Venezuelan President Hugo Chavez reported in a television broadcast Monday night that the disaster destroyed 23,000 homes and left 140,000 homeless.
Death toll reports still vary widely. Chavez reported in his broadcast that only 342 bodies had been found and declined to speculate further. Foreign Minister Jose Vicente Rangel said in previous interviews that at least 10,000 are dead and some news and relief agencies are putting the toll as high as 25,000.
Most of those killed are still trapped under mud and land slides, making it very difficult to recover bodies and make accurate death toll estimates. Other victims were washed out to sea, leaving families with no body to recover.
The area most affected, the state of Vargas, is a narrow strip of land on Venezuela's Caribbean coast just outside of Caracas. Vargas lies sandwiched between the Avila mountain range and the sea.
The area was home to an estimated 350,000 residents, many of whom lived in densely-populated, poverty-striken neighborhoods. Area residents often built substandard homes that hung precariously on the sides of the mountains. Unusually heavy seasonal rains brought tons of rock and mud crashing down on them.
Roads into the area have been completely cut off and many of the victims have had be evacuated by air or boat. Others left homeless have walked long miles to shelters in Caracas and other cities. President Chavez estimated Monday that the government had evacuated nearly 70,000 people trapped by mud and flood waters.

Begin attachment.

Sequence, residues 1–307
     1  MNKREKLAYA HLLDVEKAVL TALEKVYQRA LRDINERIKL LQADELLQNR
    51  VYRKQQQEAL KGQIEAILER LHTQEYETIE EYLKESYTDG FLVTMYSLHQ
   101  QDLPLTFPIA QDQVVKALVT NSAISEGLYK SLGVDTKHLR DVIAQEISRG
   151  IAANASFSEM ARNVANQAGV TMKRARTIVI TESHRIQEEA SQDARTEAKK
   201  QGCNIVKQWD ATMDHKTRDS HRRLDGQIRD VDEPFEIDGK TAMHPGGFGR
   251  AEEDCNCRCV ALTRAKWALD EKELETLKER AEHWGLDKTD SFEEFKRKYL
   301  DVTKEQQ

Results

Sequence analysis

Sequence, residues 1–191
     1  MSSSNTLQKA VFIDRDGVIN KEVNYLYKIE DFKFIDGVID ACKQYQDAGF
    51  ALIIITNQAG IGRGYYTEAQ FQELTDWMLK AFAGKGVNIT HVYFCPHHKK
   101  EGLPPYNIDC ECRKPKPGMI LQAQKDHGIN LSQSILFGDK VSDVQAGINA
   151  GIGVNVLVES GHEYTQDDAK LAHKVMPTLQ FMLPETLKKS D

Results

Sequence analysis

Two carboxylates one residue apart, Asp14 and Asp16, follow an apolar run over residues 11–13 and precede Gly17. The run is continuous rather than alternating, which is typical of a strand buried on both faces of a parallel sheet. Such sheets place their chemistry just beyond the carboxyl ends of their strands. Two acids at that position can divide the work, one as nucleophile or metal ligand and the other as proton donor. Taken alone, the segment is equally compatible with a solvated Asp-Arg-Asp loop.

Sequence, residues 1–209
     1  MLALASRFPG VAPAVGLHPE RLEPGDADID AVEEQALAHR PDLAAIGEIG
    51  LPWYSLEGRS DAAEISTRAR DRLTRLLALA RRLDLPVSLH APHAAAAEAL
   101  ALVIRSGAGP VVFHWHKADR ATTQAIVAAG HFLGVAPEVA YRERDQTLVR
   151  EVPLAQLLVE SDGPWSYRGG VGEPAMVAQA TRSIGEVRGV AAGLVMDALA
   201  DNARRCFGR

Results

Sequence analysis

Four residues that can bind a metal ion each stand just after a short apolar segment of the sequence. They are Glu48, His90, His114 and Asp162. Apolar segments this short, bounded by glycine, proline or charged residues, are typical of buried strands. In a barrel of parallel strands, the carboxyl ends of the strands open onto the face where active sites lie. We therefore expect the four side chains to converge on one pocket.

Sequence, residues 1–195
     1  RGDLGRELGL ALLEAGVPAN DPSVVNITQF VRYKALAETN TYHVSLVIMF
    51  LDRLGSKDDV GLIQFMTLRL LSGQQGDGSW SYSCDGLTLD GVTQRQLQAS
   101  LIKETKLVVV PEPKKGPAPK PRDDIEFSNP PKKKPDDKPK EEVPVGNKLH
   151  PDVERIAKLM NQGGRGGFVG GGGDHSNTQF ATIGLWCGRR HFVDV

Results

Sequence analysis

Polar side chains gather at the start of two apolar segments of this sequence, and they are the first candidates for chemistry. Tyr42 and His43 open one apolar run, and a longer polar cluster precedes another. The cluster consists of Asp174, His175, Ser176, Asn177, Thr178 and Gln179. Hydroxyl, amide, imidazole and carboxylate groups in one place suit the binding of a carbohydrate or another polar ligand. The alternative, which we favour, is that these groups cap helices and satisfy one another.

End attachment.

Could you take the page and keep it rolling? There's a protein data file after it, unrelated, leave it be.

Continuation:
Venezuela's main port city of La Guaira was estimated by a government official to be 70% destroyed. Soldiers Monday fired warning shots into the air to scare off looters who were raiding shipping containers for food.
Drinking water remains a scarce commodity in the area. Landslides crushed water systems or filled pipes with mud. The Venezuelan Navy has delivered 800 tons of drinking water by boat to victims living in coastal areas.
Health officials are watching for signs of epidemics and are especially worried for children suffering from dehydration and diahrrea.
The Venezuelan government estimates that it has so far received $4.5 million in foreign assistance, including 56 tons of food and 10 tons of medicine.
The government and foreign relief agencies such as the Red Cross set up shelters for the homeless. President Chavez Monday urged Venezuelans to open their homes and "adopt a family" during the Christmas season.